bike buying decision - need a bike for duathlons/ triathlons

Milesy11
Milesy11 Posts: 2
edited May 2010 in Road beginners
Right I wonder if you lovely people on here could help.

I’m 6ft 2 – sub 3hr marathon runner looking to make a transition into duathlons and triathlons but unfortunately I know next to nothing about bikes - apart from having a Raleigh banana when I was a kid!

I want to make use of my works uptake of the cyclescheme, I’ve been into two LBS and in one I was recommended the Orbea Aqua T105 and the other the Trek 2.1, both of which I liked the look of.

Should I just buy the one I feel most comfortable with out of those two and get tri bars separately or should I really be looking for a specialist triathlon bike. One I have seen around the £1000 price point is the Bianchi D2 Chrono Triathlon Alu Tiagra Bike which comes in at £1080.

If anyone has any bike buying advice it would be greatly appreciated and I’m being really indecisive. Thanks in advance

Comments

  • nochekmate
    nochekmate Posts: 3,460
    If your budget can be stretched slightly, then the Cervelo S1 offers the flexibility to use as both a road bike and for time trials. Sizing looks right for you

    http://cgi.ebay.co.uk/Cervelo-S1-Road-B ... 230731de4f

    It's not my bike by the way!
  • asprilla
    asprilla Posts: 8,440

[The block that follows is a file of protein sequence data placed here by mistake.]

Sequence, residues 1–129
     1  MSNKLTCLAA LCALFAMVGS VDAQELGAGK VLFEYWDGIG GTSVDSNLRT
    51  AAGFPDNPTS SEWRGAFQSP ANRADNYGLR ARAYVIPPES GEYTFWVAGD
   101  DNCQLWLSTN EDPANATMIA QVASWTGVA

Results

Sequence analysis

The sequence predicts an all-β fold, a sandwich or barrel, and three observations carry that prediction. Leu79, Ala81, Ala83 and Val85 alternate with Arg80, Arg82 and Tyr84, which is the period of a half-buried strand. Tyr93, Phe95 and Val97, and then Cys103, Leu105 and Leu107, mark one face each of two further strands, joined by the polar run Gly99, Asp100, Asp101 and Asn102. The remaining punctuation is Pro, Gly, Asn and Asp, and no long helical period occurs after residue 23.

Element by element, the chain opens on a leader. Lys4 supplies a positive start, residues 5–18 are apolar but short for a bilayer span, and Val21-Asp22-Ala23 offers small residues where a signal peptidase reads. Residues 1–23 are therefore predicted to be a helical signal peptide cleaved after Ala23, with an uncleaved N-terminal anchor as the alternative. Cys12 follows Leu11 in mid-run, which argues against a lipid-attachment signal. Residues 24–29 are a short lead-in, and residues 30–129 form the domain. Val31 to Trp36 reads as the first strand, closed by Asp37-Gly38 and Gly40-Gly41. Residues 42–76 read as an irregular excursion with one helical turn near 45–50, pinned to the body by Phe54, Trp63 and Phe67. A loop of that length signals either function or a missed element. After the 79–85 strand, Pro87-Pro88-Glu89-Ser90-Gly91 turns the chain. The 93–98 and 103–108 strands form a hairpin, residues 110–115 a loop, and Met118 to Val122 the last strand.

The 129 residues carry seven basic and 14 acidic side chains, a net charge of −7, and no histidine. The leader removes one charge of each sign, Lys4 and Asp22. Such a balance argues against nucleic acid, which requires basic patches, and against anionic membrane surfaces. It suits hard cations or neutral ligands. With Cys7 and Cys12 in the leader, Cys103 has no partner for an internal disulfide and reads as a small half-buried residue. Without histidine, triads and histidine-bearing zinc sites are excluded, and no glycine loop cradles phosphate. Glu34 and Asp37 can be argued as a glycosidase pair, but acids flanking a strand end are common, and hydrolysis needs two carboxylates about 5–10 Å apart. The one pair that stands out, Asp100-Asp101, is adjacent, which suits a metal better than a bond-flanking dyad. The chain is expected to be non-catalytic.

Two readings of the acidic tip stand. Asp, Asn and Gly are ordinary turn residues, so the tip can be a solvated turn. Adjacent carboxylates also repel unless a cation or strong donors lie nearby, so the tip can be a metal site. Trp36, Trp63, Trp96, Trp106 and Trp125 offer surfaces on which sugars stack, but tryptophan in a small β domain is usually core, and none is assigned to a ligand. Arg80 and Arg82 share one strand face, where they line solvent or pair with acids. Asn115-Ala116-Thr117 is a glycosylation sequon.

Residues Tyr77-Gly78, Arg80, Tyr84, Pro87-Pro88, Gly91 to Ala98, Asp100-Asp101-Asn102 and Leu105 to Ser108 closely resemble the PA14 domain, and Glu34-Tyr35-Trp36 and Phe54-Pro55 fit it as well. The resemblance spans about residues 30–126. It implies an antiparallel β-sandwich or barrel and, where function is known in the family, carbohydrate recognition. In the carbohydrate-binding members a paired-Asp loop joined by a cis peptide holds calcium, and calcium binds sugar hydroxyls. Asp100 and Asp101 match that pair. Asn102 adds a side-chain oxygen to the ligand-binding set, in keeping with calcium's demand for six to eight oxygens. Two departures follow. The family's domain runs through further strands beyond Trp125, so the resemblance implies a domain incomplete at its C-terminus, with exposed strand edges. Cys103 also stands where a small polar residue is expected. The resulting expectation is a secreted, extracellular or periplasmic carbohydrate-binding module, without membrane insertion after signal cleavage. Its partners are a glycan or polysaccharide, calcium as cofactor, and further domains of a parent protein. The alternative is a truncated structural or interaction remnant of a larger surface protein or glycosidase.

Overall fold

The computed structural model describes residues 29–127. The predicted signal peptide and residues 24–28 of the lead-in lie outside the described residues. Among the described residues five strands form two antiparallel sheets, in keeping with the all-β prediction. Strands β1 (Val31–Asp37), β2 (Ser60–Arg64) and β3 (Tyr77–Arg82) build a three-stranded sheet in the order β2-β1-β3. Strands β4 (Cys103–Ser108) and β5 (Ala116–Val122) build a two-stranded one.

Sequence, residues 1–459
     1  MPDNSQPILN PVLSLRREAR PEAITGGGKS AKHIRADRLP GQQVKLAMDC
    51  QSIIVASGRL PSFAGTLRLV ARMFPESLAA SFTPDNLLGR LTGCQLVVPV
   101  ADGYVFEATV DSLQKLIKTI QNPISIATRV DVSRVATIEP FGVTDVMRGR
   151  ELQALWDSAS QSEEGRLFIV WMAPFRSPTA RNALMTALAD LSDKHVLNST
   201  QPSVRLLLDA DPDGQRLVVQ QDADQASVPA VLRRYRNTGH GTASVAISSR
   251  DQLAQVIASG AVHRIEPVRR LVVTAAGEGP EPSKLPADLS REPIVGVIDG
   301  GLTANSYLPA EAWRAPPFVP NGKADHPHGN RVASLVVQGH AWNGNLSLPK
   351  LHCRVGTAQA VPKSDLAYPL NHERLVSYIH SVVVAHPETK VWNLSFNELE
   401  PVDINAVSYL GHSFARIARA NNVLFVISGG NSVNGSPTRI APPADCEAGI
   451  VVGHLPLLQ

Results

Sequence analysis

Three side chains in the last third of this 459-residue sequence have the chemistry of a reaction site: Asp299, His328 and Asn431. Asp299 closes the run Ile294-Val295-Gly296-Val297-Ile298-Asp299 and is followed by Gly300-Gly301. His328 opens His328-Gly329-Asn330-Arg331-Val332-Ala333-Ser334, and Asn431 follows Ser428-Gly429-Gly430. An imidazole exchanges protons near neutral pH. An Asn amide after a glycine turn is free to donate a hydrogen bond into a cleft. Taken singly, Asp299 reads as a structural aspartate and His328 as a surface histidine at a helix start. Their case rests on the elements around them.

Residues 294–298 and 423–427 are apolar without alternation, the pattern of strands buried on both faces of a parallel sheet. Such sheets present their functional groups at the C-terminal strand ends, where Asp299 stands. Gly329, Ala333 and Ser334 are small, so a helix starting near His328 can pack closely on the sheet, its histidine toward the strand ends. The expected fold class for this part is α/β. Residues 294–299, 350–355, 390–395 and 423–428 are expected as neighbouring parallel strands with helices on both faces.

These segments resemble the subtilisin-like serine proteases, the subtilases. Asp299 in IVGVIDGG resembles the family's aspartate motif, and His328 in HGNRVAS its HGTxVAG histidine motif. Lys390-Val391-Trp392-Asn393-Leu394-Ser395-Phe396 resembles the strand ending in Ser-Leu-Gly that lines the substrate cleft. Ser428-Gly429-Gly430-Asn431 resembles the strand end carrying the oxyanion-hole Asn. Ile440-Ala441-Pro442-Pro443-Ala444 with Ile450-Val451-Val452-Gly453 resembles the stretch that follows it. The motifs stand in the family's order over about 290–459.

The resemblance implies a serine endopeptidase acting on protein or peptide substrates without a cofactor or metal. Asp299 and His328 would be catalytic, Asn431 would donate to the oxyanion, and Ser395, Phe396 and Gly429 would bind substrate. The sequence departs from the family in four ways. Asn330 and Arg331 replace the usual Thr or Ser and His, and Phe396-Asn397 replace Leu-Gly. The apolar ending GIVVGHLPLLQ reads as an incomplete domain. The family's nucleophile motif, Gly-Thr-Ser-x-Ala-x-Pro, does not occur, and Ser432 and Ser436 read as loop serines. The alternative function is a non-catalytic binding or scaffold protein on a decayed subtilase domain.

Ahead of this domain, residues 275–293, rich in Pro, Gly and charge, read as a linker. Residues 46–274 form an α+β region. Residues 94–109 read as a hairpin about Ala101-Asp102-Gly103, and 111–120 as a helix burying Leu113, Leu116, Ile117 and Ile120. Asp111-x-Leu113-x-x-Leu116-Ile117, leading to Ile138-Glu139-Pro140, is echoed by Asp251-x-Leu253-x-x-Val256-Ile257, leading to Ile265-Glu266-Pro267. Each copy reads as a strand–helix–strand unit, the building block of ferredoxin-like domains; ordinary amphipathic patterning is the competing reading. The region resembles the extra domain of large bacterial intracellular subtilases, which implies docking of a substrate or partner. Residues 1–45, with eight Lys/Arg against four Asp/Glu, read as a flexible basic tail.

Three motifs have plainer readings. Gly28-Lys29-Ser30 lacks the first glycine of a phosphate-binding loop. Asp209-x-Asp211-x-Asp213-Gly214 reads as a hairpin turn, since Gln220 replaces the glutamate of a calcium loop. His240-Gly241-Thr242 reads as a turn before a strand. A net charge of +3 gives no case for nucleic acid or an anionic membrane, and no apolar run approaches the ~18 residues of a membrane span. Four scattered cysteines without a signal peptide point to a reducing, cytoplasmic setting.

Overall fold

I use an S1 as my tri bike as well. Excellent piece of kit and there are some second hand bargins because most folks want carbon.
    Mud - Genesis Vapour CCX
    Race - Fuji Norcom Straight
    Sun - Cervelo R3
    Winter / Commute - Dolan ADX
  • andy_wrx
    andy_wrx Posts: 3,396
    Milesy11 wrote:
    Should I just buy the one I feel most comfortable with out of those two and get tri bars separately or should I really be looking for a specialist triathlon bike.

    I guess it depends what you want the bike for, in addition to du's & tri's.

    If you simply want it for racing or race-training, buy a full-on tri/TT bike.

    But with the gearshifters at the ends of the aerobars, it could be very awkward to ride around town/in traffic and is not good riding out with other riders, if you were to want chaingang training with your local tri or road club.
    And the position is not relaxed, it forces you into a full-on race position, so it'll not be good for easy social riding or recovery rides, or all-day rides.

    If you can have two bikes, it's fine to have a roadbike for all these things and also have a racebike simply for racing or race-training.

    But if you're only having one bike and want it to be more flexible, get a roadbike and stick some clip-on aerobars on it for tri's
    - that's what I'd advise a beginner into tri's to do, but maybe with a sub-3 mara time you're going to be more serious about it...
  • The Spiderman
    The Spiderman Posts: 5,625
    Did my first triathlon 2 weeks ago on a 4year old Trek 1200 that I bought secondhand for £300 a year back.

    With the excpetion of the guys in the top 20 who were on Tri/TT bikes most of the field was made up of people like myself on entry level road bikes such as Specialized Allez,Giant Defy or Trek 1.2s.

    As said above depends on how seriously you want to take it.

    For my next triathlon I might invest in some clip on tri bars.

    Over a 10 mile course,the top runners were 5 minutes faster than me,though how much of that was down to their superior fitness and how much down to the bike I`m not sure! :wink:
    2006 Giant XTC
    2010 Giant Defy Advanced
    2016 Boardman Pro 29er
    2016 Pinnacle Lithium 4
    2017 Canondale Supersix Evo